Theoretical Physics in the US?

In summary, ZapperZ recommends that if you want to study theoretical physics in the US, you should have a GPA of 3.5 or higher, excellent research experience, and a title of "Licenciado en Fisica" or equivalent. He also recommends asking your project director for a letter of recommendation.
  • #1
Ayfel
8
0
Hello I'm a spanish student, I'm finishing my 5th year in physics here in Madrid at UAM. I was planning on following the usual path here and start the Master in theoretical physics that we have here in Madrid at the same university, which is pretty good(2 year) and then it gives you access to a Phd after the 1st year. But now I'm really considering the idea of going to study to the US because of personal reasons. The problem is I have no idea on how to do this, could anyone give some orientation about good theoretical physics programs in the US? No matter where, just good stuff. Do they have these type of masters over there or does it go some other way? For example I know that the major in physics it's usually 4 years there, so here we take 5 years and cover more subjects. So maybe it's different to study theoretical physics.

Any help will be appreciated, thank you.
 
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  • #3
We don't offer masters or PhDs in theoretical physics by name, just physics. You can study any topic and physics and either apply theory, or experimentation, or observation, or computation, or any combination of those to that topic. It's more a matter of what you do and who you work with than where you go to school.

You'd probably apply to PhD programs here; you can earn the masters en route to the PhD, and most people do that instead of separate programs. Your GPA, GRE scores, and research experience will determine where you should apply as well as your research interests.
 
  • #4
Ok I read through all the " So you want to be a Physicist" thing and got some ideas. Now this is my status right now. I'm finishing school probably on April/May, my grades have improved drastically this last two years, just because I got mre interested on the subjects, more difficulty means more interest for me and that means better grades. Anyway the total of my grades isn't going to be astonishing but I'm more than certain that I can get a astonishing GRE grade if I decide to take the test. So with that in mind, also knowing that I'm publishing an article(either a letter or a PRB, we are still on it) in the are of condensed matter physics, and also that I've given a couple talks on my work to Phd students(I'm doing pretty good this year). Ops almost forgot, I want to focus my future in theoretical physics, probably quantum theory of gravitation, but I still haven't decided completely. What schools would you recommend?

Also there is something worth mentioning, my title here in Spain will be "Licenciado en Fisica" and we take more subjects so when we are done with it we've taken(well at least I have) some QED, Advanced QM and EM(although I could get a little more of this last one), including complex systems in the field of condesed matter(DFT, etc), gravitation etc. So I'm not sure what those two first years I would be doing(from what I read in Zapper's paper you are supossed to study similar things to this in your first 2 years as a graduate student...)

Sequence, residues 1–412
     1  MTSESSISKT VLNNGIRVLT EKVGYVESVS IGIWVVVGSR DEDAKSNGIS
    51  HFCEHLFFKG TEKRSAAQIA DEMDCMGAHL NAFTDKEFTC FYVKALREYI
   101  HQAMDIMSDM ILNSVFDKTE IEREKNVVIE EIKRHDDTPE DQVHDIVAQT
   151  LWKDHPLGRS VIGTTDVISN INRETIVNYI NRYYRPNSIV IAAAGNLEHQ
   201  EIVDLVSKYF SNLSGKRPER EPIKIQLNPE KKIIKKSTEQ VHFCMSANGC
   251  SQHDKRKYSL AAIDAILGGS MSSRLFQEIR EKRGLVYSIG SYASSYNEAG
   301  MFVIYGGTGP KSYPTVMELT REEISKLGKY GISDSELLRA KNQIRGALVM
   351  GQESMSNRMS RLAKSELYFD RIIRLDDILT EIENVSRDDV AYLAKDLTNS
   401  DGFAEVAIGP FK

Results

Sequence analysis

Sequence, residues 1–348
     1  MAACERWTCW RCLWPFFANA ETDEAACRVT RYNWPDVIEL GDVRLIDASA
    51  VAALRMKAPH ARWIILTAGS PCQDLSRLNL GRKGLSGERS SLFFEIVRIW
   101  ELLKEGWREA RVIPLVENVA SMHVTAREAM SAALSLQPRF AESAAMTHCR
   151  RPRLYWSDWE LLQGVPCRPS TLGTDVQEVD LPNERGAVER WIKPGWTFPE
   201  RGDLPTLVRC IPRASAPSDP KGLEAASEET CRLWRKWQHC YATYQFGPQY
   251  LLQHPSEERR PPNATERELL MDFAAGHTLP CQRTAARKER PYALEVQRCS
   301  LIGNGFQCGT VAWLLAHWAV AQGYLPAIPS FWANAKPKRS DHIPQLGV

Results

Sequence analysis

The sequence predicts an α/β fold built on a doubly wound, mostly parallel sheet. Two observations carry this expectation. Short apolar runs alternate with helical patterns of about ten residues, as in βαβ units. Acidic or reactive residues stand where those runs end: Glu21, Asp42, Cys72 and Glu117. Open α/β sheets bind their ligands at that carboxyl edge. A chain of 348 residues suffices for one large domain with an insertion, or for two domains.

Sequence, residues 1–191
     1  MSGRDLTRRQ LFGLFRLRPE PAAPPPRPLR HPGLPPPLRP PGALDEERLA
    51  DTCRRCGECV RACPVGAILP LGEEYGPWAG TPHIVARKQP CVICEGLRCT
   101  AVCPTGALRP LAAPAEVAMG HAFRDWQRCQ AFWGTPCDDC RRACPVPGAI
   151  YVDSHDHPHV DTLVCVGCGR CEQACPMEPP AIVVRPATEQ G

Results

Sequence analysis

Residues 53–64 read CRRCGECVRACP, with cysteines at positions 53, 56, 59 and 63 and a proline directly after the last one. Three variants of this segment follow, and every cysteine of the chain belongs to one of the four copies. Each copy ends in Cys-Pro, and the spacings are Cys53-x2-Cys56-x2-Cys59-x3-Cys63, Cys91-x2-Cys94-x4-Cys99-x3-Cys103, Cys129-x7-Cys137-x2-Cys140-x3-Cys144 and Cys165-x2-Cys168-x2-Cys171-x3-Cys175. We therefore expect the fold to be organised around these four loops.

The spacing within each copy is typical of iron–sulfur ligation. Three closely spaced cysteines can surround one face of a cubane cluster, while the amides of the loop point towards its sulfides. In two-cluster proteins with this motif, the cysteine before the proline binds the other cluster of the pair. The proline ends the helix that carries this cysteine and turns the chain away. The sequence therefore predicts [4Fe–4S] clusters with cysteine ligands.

Thank you.
 
  • #5
By the way do you think I should ask my project director(from the research I have done) for a letter of recomendation??
 
  • #6
Yes, I think your project director is the best authority to write the letter since he had seen how well you do research.
 
  • #7
I know some peole who just told their advisors about their plans to get a PhD in the States. They usually know someone over there which has three advantages:
- You get into that school easier
- You can keep working in your field, since that other professor usually works on similar areas
- You get to skip the coursework(if you have a Master's of Sc.) and can start immediately with the research, thus being able to fnish in 3 instead of 5-6 years.
 

Related to Theoretical Physics in the US?

What is theoretical physics?

Theoretical physics is a branch of physics that uses mathematical models and principles to explain and predict the behavior of physical systems. It seeks to understand the fundamental laws of nature and the underlying principles that govern the universe.

What are the major research areas in theoretical physics in the US?

The major research areas in theoretical physics in the US include quantum mechanics, relativity, particle physics, cosmology, condensed matter physics, and string theory. These areas cover a wide range of topics, from the behavior of subatomic particles to the structure and evolution of the universe.

What are some notable theoretical physicists in the US?

Some notable theoretical physicists in the US include Albert Einstein, Richard Feynman, Stephen Hawking, Lisa Randall, and Edward Witten. These scientists have made significant contributions to the field and have helped shape our understanding of the universe.

What are some practical applications of theoretical physics?

Theoretical physics has many practical applications, such as the development of new technologies and advancements in medicine and engineering. For example, quantum mechanics has led to the development of computer and communication technologies, while relativity has played a crucial role in the development of GPS systems.

What are the educational requirements for becoming a theoretical physicist in the US?

Most theoretical physicists in the US hold a PhD in Physics or a related field. This typically requires completing a bachelor's degree in physics or a related discipline, followed by several years of graduate study and research. A strong background in mathematics and computer science is also essential for pursuing a career in theoretical physics.

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